But anyway, we got to wondering—what substitution would actually make for a Canadian variant? In a booze-soaked fit of genius, I realized there was a perfectly Canadian drink that could replace the Russian vodka: Sortilège, a maple whisky.

I enjoy a bit of Sortilège straight, but I’ve been trying to find a good mixing use for it, and this one turned out even better than I’d hoped.

We hemmed and hawed about the name for a while, since the “White Canadian” is 1) terrible and 2) already taken. I believe Ali came up with the “Great White North,” and I suggested we shorten it to “White North” to make it clear it’s a variation on a White Russian.

I played with the ratios a bit, given the different base spirit, and I think this is the most pleasing recipe:

2 oz cream (use either full-on 35% cream, or 18% table cream)
1.5 oz Sortilège maple whisky
1 oz coffee liqueur (e.g. Kahlua or Tia Maria)

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Put some ice cubes in an old fashioned glass or tumbler, and then pour in the Sortilège and coffee liqueur.

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Then, gently and slowly, pour the cream over the mixture. It should float a bit, especially if you’re using the higher-fat cream. If you really want clear layers, try pouring slowly over the back of a spoon.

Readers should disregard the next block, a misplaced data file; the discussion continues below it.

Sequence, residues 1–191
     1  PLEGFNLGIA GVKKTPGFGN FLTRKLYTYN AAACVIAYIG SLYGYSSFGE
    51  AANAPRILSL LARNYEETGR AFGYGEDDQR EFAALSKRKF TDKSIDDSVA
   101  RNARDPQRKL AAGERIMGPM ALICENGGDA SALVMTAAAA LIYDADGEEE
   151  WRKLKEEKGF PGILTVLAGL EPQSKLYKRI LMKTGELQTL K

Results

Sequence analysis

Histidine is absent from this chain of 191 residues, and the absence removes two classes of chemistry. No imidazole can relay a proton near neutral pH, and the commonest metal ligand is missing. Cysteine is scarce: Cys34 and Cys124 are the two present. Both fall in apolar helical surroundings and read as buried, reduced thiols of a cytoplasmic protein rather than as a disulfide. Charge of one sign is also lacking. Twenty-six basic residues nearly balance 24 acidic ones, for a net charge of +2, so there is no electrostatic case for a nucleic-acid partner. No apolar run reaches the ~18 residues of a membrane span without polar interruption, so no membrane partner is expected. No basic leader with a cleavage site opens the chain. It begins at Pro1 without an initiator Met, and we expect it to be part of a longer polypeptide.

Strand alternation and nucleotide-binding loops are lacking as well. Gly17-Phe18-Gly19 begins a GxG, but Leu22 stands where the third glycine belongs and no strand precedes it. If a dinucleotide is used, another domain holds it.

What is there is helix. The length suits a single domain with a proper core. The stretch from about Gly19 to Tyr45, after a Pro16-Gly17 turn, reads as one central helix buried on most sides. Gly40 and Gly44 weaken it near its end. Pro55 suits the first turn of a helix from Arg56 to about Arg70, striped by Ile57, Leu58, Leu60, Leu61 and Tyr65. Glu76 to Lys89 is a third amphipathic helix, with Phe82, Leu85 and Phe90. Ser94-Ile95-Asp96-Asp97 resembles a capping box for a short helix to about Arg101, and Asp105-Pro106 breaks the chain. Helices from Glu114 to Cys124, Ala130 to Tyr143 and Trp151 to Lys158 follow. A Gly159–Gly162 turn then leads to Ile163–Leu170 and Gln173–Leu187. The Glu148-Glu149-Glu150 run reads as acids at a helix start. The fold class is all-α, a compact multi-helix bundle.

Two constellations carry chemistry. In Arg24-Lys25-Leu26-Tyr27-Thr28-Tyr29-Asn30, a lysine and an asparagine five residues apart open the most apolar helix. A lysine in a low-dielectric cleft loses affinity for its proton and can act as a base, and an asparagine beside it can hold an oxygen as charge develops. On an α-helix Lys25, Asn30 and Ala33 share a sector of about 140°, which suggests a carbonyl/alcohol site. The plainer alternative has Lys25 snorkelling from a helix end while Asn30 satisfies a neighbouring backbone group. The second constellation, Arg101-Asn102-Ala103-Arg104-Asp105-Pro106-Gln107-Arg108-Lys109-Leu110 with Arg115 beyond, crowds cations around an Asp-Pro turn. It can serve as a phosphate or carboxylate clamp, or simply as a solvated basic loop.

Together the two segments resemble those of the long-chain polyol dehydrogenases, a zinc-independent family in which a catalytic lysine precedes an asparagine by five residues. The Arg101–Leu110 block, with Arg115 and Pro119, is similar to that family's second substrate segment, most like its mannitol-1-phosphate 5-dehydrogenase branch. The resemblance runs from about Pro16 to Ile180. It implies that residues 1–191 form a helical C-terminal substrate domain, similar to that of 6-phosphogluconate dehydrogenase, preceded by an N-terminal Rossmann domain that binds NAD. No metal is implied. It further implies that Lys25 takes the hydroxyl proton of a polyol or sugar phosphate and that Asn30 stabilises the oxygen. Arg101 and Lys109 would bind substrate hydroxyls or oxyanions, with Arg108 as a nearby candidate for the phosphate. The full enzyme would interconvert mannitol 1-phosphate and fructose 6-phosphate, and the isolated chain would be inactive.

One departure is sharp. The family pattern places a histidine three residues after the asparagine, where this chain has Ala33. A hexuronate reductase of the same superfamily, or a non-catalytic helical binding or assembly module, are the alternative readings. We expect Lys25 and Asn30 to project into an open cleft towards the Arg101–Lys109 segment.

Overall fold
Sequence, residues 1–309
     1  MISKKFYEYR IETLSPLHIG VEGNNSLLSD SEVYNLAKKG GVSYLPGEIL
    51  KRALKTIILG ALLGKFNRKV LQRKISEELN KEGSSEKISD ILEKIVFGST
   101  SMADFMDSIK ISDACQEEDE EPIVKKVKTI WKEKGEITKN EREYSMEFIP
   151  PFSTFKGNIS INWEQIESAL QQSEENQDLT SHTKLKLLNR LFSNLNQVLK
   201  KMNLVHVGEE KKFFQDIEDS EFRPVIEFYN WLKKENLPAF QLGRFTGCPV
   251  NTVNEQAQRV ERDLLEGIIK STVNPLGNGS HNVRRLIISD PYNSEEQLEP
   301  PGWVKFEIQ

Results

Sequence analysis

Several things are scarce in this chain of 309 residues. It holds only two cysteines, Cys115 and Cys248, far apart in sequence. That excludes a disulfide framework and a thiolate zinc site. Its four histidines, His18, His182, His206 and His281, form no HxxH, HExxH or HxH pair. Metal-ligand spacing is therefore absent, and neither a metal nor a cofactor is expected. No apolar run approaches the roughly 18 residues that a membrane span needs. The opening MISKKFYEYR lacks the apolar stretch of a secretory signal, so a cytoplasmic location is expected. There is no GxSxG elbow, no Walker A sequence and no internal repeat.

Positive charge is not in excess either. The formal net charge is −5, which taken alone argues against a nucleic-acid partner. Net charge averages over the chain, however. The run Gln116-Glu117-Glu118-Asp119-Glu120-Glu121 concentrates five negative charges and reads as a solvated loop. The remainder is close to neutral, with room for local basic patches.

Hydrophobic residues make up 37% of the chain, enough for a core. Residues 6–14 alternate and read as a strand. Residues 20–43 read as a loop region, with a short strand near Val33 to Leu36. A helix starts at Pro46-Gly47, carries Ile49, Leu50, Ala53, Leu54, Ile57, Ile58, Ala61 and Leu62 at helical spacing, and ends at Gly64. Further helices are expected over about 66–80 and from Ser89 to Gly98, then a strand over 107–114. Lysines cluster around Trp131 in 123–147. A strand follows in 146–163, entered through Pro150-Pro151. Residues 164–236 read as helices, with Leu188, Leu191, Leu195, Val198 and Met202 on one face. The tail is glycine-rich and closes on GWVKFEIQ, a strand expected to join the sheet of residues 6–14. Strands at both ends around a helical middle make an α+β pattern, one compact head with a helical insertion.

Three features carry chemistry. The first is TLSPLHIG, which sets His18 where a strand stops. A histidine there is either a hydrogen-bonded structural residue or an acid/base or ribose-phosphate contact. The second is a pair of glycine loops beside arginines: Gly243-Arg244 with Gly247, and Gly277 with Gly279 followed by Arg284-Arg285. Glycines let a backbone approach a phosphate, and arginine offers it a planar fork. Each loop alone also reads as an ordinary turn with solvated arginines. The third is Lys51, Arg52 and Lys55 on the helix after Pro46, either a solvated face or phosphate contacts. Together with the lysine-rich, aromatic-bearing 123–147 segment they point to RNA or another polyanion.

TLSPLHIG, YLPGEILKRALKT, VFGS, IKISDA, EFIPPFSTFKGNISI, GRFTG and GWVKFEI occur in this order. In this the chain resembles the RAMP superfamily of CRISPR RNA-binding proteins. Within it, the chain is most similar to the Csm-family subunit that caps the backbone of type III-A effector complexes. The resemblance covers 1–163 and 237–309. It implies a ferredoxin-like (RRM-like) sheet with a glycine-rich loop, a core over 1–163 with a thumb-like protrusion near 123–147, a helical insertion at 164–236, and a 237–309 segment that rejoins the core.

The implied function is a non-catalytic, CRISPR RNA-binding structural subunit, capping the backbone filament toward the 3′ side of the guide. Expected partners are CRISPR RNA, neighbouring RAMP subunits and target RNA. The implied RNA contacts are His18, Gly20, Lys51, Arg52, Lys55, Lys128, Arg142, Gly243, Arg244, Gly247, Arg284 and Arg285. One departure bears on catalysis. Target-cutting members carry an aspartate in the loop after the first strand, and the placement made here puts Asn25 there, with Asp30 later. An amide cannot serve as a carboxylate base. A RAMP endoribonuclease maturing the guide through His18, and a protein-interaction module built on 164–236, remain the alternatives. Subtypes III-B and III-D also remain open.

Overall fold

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Most people tend to mix it all together, though.

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And that’s it. Very simple, and really tasty. Even people who aren’t whisky drinkers will love it.

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Cheesy Corn Fritters: In the Woods

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Seeing as most of our time camping is spent killing time between meals, it behoves me to put a bit of thought into them so they’re not a disappointment. And that means that all the lunches I made for our camping trip were hot ones. Granted, with everything mixed ahead of time, they were a snap to prepare, but I think the little bit of ceremony required in lighting the grill and getting everything ready made them a bit extra special.

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These quick fritters come from The Camping Cookbook – like most things we made for this trip – and are spectacular.

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Mix together 3/4 cup all-purpose flour and 1/2 teaspoon baking powder in a bowl.

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Beat in 1 large egg and 3/4 cup milk.

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Stir in 75g corn (fresh, frozen, canned, it’s your choice, but make sure it’s well-drained), 1/4 cup shredded cheese, and 1 teaspoon fresh chives).

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Heat 2 teaspoons oil in a frying pan and drop tablespoons of the batter onto the hot surface. Fry 1-2 minutes each side until crispy and golden brown. This recipe will make about 8-12 small fritters, and we served them with some carrots on the side. Tasty and quick!